When writing for learning our toolbox is limited.
We can’t use body language
We can’t shout!
We can’t even bang on the table to add weight to the message.
We only have our words to communicate our message with passion.
But written words can be powerful.
Want to learn how?
Step #1: Write with clarity and substance
How can you hold a learner’s attention if you use weak writing that rambles, rattles and prattles?
Writing with substance is not about writing longer articles with longer words.
It’s not about the word count.
Its not about putting in every little detail about the task we are trying to teach.
The opposite is true.
Often long written spells lack substance, too many unimportant ideas compete for the learner’s attention.
Substance is about adding value, exceeding the learners value expectations and moving beyond the echo chamber of repetition.
So how do you write with substance?
Step #2: Boost your authority with these content ideas
Focusing on a narrow topic may feel scary. Do you have enough content? Will your training module seem flimsy?
No time to panic.
And don’t start adding stuff and semi-related trains of thought.
Instead, use the content thoughts below to turn flimsy into persuasive and authorative content
Examples demonstrate how you translate theory into practice. Examples breathe life into your content by making abstract concepts concrete. Want an example? Learning Conversations
Statistics are not everybody’s cup of tea. A Some find them boring.
But it’s a mistake to ignore numbers. Because numbers add substance to an argument. They show you know your subject. They make your material more factual.
“Research by Xero Group (2016) shows that only 37% of sales reps read emails that are sent to them”
Statistics boost your credibility and appeal to people’s rational side. But be careful: don’t let the numbers undermine the clarity of your message. Only add research results and other numbers if they help clarify your ideas.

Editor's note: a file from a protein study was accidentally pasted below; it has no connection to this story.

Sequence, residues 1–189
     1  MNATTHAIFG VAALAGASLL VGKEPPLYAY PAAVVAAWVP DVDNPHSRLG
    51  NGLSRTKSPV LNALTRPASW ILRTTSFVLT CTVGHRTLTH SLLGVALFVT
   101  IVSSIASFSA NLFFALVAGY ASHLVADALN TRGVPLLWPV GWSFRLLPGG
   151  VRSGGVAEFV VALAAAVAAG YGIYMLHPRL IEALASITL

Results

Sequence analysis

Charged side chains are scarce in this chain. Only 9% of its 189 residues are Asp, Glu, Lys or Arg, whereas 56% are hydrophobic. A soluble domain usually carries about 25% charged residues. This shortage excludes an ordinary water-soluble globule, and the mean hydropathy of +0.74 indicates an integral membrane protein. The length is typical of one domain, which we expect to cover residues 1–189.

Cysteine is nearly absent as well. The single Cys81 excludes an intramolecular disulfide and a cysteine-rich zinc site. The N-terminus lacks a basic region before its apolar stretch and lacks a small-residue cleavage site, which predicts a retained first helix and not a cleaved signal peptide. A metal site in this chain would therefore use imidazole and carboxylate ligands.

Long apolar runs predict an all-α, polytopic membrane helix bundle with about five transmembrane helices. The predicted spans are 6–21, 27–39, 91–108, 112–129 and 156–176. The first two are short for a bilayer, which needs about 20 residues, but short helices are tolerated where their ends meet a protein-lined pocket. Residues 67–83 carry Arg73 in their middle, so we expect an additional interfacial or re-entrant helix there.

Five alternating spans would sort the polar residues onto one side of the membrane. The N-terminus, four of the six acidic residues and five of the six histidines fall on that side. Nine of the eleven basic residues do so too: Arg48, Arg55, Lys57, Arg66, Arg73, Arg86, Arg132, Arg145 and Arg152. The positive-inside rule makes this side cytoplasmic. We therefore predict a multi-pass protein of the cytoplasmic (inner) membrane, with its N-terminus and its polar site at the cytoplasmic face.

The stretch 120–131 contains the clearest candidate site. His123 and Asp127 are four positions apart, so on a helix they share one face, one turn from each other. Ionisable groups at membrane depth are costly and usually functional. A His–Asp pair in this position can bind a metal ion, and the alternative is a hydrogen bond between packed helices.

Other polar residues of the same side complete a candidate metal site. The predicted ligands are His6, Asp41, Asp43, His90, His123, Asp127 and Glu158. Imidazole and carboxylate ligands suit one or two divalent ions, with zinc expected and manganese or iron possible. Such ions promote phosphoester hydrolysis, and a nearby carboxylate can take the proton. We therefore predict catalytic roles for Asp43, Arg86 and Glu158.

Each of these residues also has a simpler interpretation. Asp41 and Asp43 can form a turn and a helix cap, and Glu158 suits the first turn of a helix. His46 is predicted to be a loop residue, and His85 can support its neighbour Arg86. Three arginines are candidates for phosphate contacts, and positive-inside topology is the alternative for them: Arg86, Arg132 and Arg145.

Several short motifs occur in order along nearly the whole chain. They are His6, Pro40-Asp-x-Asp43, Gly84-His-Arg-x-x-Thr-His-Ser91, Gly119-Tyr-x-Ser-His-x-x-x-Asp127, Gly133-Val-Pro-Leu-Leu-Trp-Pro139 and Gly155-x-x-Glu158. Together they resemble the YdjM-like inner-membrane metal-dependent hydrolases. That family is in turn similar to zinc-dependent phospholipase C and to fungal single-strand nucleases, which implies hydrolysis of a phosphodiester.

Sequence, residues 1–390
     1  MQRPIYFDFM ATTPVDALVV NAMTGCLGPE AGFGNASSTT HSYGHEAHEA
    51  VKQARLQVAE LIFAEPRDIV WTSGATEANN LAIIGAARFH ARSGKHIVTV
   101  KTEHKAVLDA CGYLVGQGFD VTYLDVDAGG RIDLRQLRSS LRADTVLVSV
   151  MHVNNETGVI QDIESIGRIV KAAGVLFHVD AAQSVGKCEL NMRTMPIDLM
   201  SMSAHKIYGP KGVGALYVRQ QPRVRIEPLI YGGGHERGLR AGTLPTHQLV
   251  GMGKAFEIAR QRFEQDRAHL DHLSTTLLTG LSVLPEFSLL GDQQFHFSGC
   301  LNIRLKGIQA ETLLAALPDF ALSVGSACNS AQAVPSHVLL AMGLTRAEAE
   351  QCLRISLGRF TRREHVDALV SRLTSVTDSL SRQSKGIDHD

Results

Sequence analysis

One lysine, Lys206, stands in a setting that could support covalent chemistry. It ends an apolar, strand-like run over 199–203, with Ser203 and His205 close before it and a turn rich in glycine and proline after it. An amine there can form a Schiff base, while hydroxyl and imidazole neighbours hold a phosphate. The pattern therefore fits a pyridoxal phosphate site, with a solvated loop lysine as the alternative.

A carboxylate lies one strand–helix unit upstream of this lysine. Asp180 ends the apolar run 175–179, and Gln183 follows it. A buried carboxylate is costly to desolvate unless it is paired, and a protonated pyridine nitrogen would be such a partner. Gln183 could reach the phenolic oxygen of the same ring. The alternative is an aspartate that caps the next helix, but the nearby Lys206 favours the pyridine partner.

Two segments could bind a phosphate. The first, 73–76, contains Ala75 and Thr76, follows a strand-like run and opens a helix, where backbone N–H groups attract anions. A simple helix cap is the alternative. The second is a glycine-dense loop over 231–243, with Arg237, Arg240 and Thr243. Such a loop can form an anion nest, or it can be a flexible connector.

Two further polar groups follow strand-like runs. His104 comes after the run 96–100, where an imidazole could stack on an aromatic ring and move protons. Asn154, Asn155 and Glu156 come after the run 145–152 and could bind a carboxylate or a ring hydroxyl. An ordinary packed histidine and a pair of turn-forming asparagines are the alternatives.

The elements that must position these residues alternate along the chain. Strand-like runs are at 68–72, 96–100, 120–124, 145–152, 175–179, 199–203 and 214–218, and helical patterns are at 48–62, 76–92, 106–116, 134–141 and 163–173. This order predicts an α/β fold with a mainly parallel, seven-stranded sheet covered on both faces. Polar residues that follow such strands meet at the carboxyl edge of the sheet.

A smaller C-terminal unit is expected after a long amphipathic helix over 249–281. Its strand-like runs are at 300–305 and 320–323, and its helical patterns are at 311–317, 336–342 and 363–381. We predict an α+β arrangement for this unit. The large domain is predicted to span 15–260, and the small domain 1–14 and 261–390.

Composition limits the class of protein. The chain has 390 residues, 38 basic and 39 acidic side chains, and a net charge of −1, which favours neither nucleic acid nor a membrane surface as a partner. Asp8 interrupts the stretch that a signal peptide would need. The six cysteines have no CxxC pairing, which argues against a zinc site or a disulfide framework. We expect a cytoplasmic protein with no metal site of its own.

Can’t find any statistics to support your statements?
Try using quotes from well-known experts. A quote shows you are familiar with other work in your field.
Strategically selected quotes support your teaching. They help you “borrow” other people’s authority to support your own.
Step #3 : Inject power into your words
Does power make you think of dictators, bullies and other dominant personalities?
As Sally Hogshead explains in her book “How the World Sees You”, power lives on a spectrum. Power’s gentle side manifests itself in the parental nudge and in the sports coach, who motivates you to train harder.
Powerful training inspires learners to TAKE ACTION. Effective instructional writing encourages learners to want to implement the learning in the workplace.
Read this paragraph aloud:
"Your job as a trainer is not simply to write tutorials that share tips, facts, and advice.
A useful tip that is not implemented is like a riveting book that’s never opened.
It’s forgotten and useless.
Instead of acting solely like a trainer dishing out your training notes, you should become a mentor for your learners, a chief of your village, a leader of your tribe. You should fire up your tribe and jump-start their actions because your learners are waiting for you."
It feels somewhat flat, right? That is because the sentences are long and the final sentences use “you should” instead of the imperative.
The alternative version below is more inspirational because it uses shorter sentences and the imperative form (“Fire up your tribe” instead of “You should fire up your trial”.)
"Your job as a trainer is not simply to write tutorials.
Your job is not to share tips and facts and advice.
A useful training that’s not implemented is like a riveting book that’s never opened. It’s forgotten and useless.
You’re not simply a trainer. You’re a mentor for your learners, a chief of your village, a leader of your tribe. Come on. Fire up your tribe. Jump-start their actions.
Your learners are waiting for you."
Does that inspire you more?